Old carbs always need to be cleaned. 100% disassembly is required. Seldom is a rebuild kit needed, and I ALWAYS recommend against them. If you need parts, get the OEM parts as needed. None of the brass parts will need replacement unless damaged by incompetence or severe difficulty in dissasembly. Ultrasonic cleaning is ok, but not good enough. PERIOD. Learn how the carbs work , and you will find them pretty easy to clean properly. Spray carb cleaner and knowledge are all you need to have perfectly operating carbs. Most carbs have two systems that overlap - the pilot system and the main system. The important thing to understand is that the fuel is mixed with air before it is introduced into the main bore of the carb. failure to understand this and clean accordingly is why most carbs work poorly. Look at the pilot system. In most carbs, air for idle is first provided by a hole bored into the intake bellmouth of the carb. The amount of air is determined by an adjustable needle valve which adjusts with a straight blade screwdriver. Usually it is the only adjustment on the exterior of the carb except the idle speed adjustment which usually is a simple mechanically adjustable stop for the throttle. Fuel for idle is provided by the pilot jet. It is submerged in the fuel in the fuel bowl. When the engine is running, vacuum is applied to the well above the pilot jet. Fuel can enter into this well through the pilot jet, and air can enter the well through a passageway from the pilot air needle valve and they mix together. The adjustment for the fuel is to change the size of the jet, and air is adjusted by turning the air screw in and out. The mixture of air and fuel is then sucked into the main bore of the carb and mixed further with air flowing under the throttle plate or slide. If you want your carb(s) to work properly, find these passageways and make sure they are clean. The main system works exactly the same way, but uses different passageways and does not have any adjustable needle valves. All the adjustments are accomplished with interchangeable jets for both fuel and air. There are more parts, but the important thing is to understand this pre-mixing of fuel and air before that mix flows into the main bore of the carb, mixes with the main intake air ind is consumed by your engine.

Once you have the carbs clean, you can address your fuel overflow. Most floats adjust by bending a small tab on the brass lever arm the floats are attached to or operated by. Usually this does not need to be adjusted. You will need the factory manual to know how to correctly adjust the float level, but by far most floats are parallel with the float bowl gasket surface when the body is upside down and gravity is holding the floats in the up position. This is not the reason your carbs are leaking fuel. Likely the needle and seats simply need to be cleaned and no adjustment is necessary. Take the floats and arm(s) out and also the needle and seat assembly. Get some polishing compound (like for polishing paint after wet sanding), put it on a Q-tip and spin it by hand in the brass seat. Put some on the needle as well and spin it by hand on a paper towel. Clean and dry. Put it back together and if there is no mechanical issue or crazy excessive wear on the needle - or some previous parts replacement with incorrect or incompatible parts, the valves should be fine. Be sure to polish the bore of the seat and shank of the needle as well, these parts have to slide freely and loosely with the cone shaped seal perfectly smooth and clean to work.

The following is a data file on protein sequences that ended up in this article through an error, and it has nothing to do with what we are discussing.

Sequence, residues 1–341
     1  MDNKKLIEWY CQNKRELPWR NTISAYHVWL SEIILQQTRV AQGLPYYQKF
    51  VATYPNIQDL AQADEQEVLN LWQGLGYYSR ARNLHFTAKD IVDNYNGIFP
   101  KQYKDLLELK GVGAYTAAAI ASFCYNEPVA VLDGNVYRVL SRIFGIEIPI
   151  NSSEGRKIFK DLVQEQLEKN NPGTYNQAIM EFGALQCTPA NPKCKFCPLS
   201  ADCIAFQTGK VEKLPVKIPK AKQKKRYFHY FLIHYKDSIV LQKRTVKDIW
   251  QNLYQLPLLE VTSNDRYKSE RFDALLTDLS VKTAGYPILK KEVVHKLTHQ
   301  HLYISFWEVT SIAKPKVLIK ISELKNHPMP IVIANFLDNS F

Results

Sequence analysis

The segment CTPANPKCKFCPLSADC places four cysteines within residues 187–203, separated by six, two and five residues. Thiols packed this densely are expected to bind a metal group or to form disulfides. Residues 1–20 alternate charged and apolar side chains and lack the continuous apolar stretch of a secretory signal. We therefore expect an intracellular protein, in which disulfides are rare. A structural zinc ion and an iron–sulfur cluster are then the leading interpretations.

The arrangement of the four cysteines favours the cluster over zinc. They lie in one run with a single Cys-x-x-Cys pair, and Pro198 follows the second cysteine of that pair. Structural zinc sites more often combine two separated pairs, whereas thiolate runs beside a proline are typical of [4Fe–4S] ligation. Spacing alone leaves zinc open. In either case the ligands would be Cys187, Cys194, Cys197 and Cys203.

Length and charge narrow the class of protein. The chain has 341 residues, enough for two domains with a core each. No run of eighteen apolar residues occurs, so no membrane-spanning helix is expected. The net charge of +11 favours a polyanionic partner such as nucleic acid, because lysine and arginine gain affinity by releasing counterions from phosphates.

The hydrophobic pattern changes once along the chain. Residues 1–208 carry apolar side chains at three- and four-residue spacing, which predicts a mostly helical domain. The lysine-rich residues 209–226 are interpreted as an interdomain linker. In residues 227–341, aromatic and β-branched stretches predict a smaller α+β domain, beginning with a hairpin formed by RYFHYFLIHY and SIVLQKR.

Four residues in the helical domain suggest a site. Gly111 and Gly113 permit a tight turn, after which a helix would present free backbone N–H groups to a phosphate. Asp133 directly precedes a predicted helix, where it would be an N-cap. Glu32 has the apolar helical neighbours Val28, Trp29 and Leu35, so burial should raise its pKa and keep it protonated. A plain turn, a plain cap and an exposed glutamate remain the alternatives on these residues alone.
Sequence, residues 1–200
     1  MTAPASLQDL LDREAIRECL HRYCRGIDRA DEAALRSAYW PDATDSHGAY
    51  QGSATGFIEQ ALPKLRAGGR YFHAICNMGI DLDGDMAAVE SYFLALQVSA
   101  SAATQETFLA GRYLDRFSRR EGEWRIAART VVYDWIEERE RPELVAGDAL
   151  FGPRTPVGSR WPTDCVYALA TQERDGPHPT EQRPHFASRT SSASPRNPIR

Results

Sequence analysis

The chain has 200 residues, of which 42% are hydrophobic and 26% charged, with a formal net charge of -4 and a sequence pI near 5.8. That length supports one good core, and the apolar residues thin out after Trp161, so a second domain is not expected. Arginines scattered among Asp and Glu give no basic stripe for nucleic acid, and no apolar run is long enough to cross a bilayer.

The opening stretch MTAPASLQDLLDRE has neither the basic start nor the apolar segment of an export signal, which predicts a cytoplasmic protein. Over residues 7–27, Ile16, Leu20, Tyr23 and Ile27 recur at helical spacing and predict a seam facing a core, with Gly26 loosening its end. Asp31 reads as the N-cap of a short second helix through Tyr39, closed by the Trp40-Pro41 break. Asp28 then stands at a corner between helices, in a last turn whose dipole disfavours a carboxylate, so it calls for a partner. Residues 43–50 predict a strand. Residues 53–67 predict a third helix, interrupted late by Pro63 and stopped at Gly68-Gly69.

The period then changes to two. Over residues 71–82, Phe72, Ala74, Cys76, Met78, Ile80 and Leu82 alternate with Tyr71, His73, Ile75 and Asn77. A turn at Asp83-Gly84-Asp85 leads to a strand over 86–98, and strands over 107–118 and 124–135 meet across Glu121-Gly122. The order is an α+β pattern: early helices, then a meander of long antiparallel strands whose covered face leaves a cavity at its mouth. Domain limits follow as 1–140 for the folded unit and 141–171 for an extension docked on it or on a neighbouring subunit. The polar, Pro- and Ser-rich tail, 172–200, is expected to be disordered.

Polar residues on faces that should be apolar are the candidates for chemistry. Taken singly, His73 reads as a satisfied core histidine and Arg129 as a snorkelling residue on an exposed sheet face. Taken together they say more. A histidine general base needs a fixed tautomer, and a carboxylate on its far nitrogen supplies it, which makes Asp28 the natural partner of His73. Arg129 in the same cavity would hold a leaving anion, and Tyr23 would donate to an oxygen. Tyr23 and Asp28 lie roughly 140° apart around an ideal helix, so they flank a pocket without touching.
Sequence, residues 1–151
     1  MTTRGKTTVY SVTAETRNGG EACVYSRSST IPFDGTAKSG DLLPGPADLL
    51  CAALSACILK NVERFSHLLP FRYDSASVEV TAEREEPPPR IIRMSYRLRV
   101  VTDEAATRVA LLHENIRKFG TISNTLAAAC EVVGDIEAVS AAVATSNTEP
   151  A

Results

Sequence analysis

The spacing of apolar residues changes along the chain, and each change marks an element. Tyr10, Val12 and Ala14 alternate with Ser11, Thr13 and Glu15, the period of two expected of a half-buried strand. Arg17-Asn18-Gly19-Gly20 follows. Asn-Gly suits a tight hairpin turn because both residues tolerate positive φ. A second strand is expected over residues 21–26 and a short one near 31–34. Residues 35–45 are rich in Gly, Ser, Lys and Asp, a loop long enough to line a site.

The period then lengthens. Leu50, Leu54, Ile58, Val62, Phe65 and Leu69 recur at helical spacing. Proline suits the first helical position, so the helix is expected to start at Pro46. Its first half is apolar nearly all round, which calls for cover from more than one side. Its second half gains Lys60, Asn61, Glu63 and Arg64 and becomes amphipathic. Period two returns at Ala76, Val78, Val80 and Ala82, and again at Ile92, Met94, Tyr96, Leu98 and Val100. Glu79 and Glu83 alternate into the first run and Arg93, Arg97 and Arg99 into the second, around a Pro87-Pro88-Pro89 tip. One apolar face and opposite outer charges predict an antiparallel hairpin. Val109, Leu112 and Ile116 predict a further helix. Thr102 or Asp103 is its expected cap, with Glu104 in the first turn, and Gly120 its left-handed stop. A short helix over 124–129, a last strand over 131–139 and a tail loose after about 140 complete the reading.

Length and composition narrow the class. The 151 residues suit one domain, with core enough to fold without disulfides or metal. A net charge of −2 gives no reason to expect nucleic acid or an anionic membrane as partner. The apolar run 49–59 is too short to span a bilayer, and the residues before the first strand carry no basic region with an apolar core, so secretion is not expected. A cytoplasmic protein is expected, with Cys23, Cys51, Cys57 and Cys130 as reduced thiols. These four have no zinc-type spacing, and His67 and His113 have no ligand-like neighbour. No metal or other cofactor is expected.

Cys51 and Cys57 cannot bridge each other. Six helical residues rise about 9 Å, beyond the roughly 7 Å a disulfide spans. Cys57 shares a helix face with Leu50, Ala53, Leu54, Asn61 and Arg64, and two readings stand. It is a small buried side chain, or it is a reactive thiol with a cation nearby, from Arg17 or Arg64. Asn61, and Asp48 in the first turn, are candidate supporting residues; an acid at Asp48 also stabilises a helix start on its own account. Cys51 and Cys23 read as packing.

New Member
So I got the bike frame back from powder coating





Got all the major stuff on. now it's time to install the controls, a few remaining engine parts, and wire everything up.

One thing I didn't expect to be a problem however was the kick stand. Because the bike was lowered the kick stand is way to long to allow the bike to stand on its own properly so im a bit stumped. I may try and find a new short one online otherwise I'll be cutting and reweld the old one I think. Any suggestions? Also please note the bikes ride height has NOT been set in properly in these pictures. The bike does have suspension travel and the last picture is not what it will actually be.


Active Member
I actually had the opposite problem with the kickstand, mine was too short. I was able to swap the c model kickstand for an f which was slightly longer. I'm not sure the length difference between k and c models but I'll measure it and post pics tomorrow and if it works for you I'll mail it out.

Sent from my SM-G930V using DO THE TON mobile app


New Member
Thanks a bunch guys!!

CB MIKE said:
I actually had the opposite problem with the kickstand, mine was too short. I was able to swap the c model kickstand for an f which was slightly longer. I'm not sure the length difference between k and c models but I'll measure it and post pics tomorrow and if it works for you I'll mail it out.

Sent from my SM-G930V using DO THE TON mobile app

Wow that would be awesome ! Thanks!

DTT Bike Of The Month Gallery

DTT Light or Dark
Top Bottom